Had this in my placement test. You can't really know that this is "two" without any context or the kanji ニ. This could mean so many things. I for example tried "at" as one of the functions of the に particle. Sorry if this is out of place in the context of a lesson on numbers.
If it says" write in English", it means writting using English words. Ni isn't an English word. It's the phonetic translation, using a different letter system.
They would have said 'write the transcription".
If you say "ni" you don't talk in English neither. So, you don't write in English.
Yes, "at" shouldn't be a choice here. Since you can't tell from context or kanji, it should try to avoid anything the に particle can get transliterated to like "at", "on", "to"... My guess is that in the Duolingo meta if it asks for a word definition it won't be a particle, it seems to ask that another way, in sentences (the particles make little sense alone, most of them, or its slangy to do so)
My first question in the placement test was to write the translation of に in English. I thought it was trying to determine whether I understood hirigana, and answered "Ni". As mentioned by many before, one can't know that the answer should be "two" without any more context. It's frustrating, because this vague "question" influences where I'll be placed... :/
(I hope this comment is helpful in shaping the course; I appreciate the work that y'all are putting into this valuable endeavor! Thank you for giving me a way to practice my language skills!)
Actually, they don't contain any letters. Kana is a syllabary; someone corrected that to a more accurate writing system in comments for another question, but I don't remember what it is called. However, I agree that 一(いち) having 1 stroke but 2 syllables and 二(に) having 2 strokes but 1 syllable is silly.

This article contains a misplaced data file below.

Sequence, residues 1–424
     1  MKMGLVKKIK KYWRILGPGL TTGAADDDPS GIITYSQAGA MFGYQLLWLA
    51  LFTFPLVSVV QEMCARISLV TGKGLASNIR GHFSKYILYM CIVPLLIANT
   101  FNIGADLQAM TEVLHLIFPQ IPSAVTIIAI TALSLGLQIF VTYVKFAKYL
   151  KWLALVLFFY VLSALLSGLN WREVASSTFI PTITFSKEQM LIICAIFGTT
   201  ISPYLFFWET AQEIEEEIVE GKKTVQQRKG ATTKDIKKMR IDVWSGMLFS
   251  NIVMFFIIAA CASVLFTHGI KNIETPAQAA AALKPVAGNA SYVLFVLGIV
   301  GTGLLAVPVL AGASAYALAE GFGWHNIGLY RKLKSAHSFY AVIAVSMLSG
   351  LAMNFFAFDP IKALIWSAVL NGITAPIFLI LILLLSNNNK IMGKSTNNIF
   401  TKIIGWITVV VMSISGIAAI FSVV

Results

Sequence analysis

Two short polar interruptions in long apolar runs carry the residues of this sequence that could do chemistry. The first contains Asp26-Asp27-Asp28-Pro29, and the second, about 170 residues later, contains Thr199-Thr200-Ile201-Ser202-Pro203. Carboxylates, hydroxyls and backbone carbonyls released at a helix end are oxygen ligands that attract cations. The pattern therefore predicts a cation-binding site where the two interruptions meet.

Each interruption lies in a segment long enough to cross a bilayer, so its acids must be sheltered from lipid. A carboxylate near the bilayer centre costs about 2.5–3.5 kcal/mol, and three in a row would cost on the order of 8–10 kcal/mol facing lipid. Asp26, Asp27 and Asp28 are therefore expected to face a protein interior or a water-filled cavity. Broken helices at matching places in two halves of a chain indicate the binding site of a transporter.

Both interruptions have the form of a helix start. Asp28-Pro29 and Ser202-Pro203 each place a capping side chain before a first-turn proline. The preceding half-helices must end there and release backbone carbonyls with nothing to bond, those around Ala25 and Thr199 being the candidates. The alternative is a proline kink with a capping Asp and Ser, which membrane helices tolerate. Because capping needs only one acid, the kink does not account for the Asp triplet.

ni isn't に in English. It's Romaji, which is the representation of かな in a Roman/Latin based alphabet. English and almost all European languages use Roman/Latin based alphabets. If Romaji was English, it would be spelled nee, because in English the letters "a e i o u" sound like "e i ai o yu" in every other Latin based language I have seen (I hope that makes sense to someone). Not familiar enough with the history to say it as a fact, but since Portugal had visitors to Japan before other Europeans, Romaji is probably based more on Portuguese than any other alphabet.
https://en.wikipedia.org/wiki/Hepburn_romanization When people mention Romaji, they usually mean this. It was invented by an American missionary and maps Japanese sounds onto their closest English equivalents. Unlike Kunrei which focuses on maintaining orthographic consistency, Hepburn is phonetic, more about accurate pronunciation.
Anybody fluently speaking japanese here? Because I don't know: When do you write a word in kanji and when in Hiragana? Are all words written in Kanji and these in Hiragana are exceptions? Or can chose how you want to write it? Should I learn the words in both or just in Kanji? Are there words you can only write in Hiragana?
If there are Kanji that make a word, and you know the Kanji, use Kanji. Most numbers nowadays are written using the Arabic numerals. Hiragana is usually reserved for grammar, but there are exceptions. Child, or 子ども, is one. There are 2 Kanji in the word, but the 2nd doesn't have a meaning in this word so it is usually written 子ども or こども.
You answer "Ni" only if a TRANSLITERATION is asked. "Two" isthe correct answer because it's the TRANSLATION lf the character "に", not the transliteration called romaji.
I don't get why people get stuck here. There are going to be stuff way more annoying than this later on, you'll see...
hiraganas are used more often, but it is both still essential because: hiraganas are used for the original words from Japan itself like: てんぷら (tempura) meanwhile katakanas are used for adapted languages like: マクドナルド (makudonarudo which comes from the word "mcdonalds") so I think, yes you would need to learn both in order to be able to understand the language, though kanjis are also often used in a sentence so you would definitely need to learn that as well